There are only two jerseys in hanging in his office — his first Nebraska jersey and his Blackshirt — and this is a man who played in the National Football League on four different teams. In his will, Jay Foreman has asked to be buried in his Blackshirt. It’s a jersey he looks at every day. It invokes memories from practices during the 1997 season when he helped the Huskers to a third national championship in four years just as much as his redshirt freshman year in ’94.
“For me, coming in here I didn’t have any expectations for myself,” he told Hail Varsity on Monday. “I really didn’t know if I was going to last one day or one year or five years, to be honest with you. I was way behind. And I worked my ass off for it. It was something that was very special to me. I was fortunate enough to get one as a redshirt freshman, got challenged again (by) switching positions, earned it again and kept answering the bell.”
“I never came here thinking about being a semifinalist for the Butkus, being All-Conference. My main goal was that shirt right there.”
What he had to do to earn it, the way he pushed himself both physically and mentally, he says it still helps him as an adult.
That’s what he tried to impress on the 2019 Blackshirts.
Foreman was part of a group of former Husker defenders who were called up and asked for a favor. Defensive coordinator Erik Chinander and head coach Scott Frost awarded Blackshirts Monday morning, but they weren’t just awaiting players in their lockers after practice, Frost wanted it to mean something more.
“So we got on the phone and got some of the Blackshirts that are in the vicinity to come to practice (Monday) and they kind of took turns coming up in front of the team and telling us what they thought it meant and what it stood for and then they presented the Blackshirts to the guys,” Frost said. “Some of them were my teammates, some of them were my good friends. They did an unbelievable job.”
Foreman awarded junior inside linebacker Collin Miller his Blackshirt. Miller’s position coach, Barrett Ruud, gave Mohamed Barry his Blackshirt. Fourteen in total were handed out, and, for the most part, each current player had a former to pass the shirt along (some guys presented a Blackshirt to multiple players).
The Kelsay brothers were called, so was Jason Peter and Steve Warren and Marc Munford and Tony Veland and Keyuo Craver and Zack Bowman. Kenny Wilhite, the team’s director of high school relations, was asked to be part of the morning. So was Foreman. Each guy addressed the rest of the defense for 20 or so seconds.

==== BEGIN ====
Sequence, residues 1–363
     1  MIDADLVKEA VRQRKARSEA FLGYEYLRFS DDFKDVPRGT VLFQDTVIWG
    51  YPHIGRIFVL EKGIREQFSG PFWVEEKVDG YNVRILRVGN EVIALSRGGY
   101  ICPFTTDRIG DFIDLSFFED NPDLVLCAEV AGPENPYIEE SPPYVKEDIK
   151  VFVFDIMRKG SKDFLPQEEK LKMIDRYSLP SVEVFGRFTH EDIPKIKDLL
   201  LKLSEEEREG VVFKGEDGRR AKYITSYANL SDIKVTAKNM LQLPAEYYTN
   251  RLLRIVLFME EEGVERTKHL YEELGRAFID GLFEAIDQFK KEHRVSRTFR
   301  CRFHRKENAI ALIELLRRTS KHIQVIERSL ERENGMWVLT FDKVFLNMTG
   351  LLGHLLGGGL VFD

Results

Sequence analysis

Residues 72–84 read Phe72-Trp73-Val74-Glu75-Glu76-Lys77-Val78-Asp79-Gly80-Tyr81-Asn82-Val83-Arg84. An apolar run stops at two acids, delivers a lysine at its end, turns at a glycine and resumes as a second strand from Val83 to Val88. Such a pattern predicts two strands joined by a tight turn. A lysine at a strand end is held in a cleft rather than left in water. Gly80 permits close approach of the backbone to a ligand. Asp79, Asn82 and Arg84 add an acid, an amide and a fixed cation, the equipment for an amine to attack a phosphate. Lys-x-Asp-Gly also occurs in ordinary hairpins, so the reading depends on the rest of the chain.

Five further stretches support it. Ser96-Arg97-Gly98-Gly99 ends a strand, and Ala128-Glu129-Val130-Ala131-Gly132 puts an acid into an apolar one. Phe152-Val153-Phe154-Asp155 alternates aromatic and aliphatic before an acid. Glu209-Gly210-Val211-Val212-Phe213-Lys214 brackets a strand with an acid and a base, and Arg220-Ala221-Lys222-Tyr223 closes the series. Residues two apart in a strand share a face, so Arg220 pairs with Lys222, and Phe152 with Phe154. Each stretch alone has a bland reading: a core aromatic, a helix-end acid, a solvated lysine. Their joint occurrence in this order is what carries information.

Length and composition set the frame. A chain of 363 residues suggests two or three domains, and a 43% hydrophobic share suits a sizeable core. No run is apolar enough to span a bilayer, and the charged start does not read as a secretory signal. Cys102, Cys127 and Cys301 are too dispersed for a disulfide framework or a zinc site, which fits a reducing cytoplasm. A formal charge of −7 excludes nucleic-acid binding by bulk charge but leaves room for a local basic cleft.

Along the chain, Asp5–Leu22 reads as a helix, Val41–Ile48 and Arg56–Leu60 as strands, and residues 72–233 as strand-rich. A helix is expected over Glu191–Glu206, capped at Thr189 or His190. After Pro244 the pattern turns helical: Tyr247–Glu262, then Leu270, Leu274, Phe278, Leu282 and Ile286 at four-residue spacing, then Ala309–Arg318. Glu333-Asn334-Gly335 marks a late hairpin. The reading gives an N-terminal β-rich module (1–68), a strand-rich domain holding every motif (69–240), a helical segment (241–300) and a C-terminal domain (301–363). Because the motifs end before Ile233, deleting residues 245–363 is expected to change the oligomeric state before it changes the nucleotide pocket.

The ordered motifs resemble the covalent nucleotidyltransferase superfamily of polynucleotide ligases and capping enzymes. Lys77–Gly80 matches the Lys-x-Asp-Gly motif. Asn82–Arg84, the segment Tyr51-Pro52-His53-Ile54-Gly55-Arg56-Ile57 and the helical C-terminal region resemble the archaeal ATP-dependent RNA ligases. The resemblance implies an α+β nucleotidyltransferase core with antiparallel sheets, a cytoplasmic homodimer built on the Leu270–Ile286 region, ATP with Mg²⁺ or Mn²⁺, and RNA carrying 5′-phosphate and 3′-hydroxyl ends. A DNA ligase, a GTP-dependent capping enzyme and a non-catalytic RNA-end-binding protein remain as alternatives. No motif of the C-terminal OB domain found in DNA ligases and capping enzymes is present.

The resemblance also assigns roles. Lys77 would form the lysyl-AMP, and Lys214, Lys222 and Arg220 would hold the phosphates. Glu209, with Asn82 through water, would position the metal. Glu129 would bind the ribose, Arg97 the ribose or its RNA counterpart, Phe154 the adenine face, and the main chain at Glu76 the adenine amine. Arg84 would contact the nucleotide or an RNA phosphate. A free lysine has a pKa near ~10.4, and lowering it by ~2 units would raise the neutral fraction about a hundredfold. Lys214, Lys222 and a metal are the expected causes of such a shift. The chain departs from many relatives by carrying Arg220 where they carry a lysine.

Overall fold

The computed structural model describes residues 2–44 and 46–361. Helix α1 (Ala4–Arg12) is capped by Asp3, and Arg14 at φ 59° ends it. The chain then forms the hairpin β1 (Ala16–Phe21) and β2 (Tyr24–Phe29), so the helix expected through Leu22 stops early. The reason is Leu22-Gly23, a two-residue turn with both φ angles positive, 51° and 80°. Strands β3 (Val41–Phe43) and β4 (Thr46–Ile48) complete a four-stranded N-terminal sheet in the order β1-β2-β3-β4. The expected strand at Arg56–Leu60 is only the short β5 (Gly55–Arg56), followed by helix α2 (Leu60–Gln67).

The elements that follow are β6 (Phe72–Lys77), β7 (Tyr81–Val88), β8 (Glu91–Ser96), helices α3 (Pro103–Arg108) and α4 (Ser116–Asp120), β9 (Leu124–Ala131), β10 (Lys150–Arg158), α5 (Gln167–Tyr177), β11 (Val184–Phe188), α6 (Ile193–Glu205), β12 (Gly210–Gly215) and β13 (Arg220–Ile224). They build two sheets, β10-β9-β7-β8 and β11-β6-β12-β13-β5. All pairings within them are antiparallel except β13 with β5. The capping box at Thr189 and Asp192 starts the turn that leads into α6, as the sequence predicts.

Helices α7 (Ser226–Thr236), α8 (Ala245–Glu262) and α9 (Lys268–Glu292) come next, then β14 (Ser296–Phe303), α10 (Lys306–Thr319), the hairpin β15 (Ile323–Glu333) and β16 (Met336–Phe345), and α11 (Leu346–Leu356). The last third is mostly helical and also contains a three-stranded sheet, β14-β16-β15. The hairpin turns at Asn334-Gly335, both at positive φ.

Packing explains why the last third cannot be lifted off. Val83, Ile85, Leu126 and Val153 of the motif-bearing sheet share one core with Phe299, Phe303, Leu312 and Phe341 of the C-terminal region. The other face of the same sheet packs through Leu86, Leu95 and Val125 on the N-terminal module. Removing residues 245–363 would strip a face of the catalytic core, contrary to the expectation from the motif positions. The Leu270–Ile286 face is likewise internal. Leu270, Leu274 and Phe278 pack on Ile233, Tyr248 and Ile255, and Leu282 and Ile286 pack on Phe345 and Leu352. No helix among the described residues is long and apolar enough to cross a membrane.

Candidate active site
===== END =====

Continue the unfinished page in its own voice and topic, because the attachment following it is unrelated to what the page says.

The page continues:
“You’ve got grown men up there getting emotional about it because when we went through it, that was serious,” he said. “You went through some shit.”
For a guy like Darrion Daniels, who is now a team captain and part of the Blackshirts’ brotherhood for life, the entire morning was a little surreal.
“I don’t know how to explain it, it’s just seeing them come back, it matters that much to them,” he said. “To want to spend time out of their day to come talk to us and to, in a way, pass the torch and hold us to the standard of the Blackshirts, it was great. It was real great just seeing that the tradition is that rich here.”
A handful of times since coming back, Frost has talked about Nebraska traditions needing to be picked up and dusted off and place back on the mantle. Foreman can think of a time in the not-so-distant past where the Blackshirts weren’t what they should be.
Either people within the program didn’t believe in what they stood for, or went out of their way to give a new interpretation.
Frost is different.
“I think they’re getting it,” Foreman said.
“The program’s in a good place obviously with Scott and them but I think when you have guys that are picking each other up, or pushing each other to do better, I think that’s where teams really start to take off and programs start to be very consistent. Where, regardless of who you are, when you come in as a freshman you know what the expectations are.”
And that, more or less, was the theme Monday morning. As cool as it was for the “old heads” (Foreman’s words) to be back around the defense, it wasn’t about them. It’s about the 14 guys who will take the field Saturday.
In that respect, the tradition seems in good hands.
Everything I’ve been working for right here!!! ☠️☠️☠️ pic.twitter.com/cVs3Q79S5t
— Collin Miller (@C_millz31) August 27, 2019
Been wanting a black shirt for four years now. Stay down til you come up… I’m Honored to have one 🙌🏾☠️
— King Quel (@HussleInSilence) August 26, 2019
“This year, you had the people that actually wore that shirt and did something with it,” Barry said. “Now, the shirt is not just a shirt. It comes to life. It’s a real thing, with the person who has worn it, a representative of all that went into that shirt. And he’s giving it to you, telling you, ‘You have to earn it every day.’”
Derek is a newbie on the Hail Varsity staff covering Husker athletics. In college, he was best known as ‘that guy from Twitter.’ He has covered a Sugar Bowl, a tennis national championship and almost everything in between (except an NCAA men’s basketball tournament game… *tears*). In his spare time, he can be found arguing with literally anyone about sports.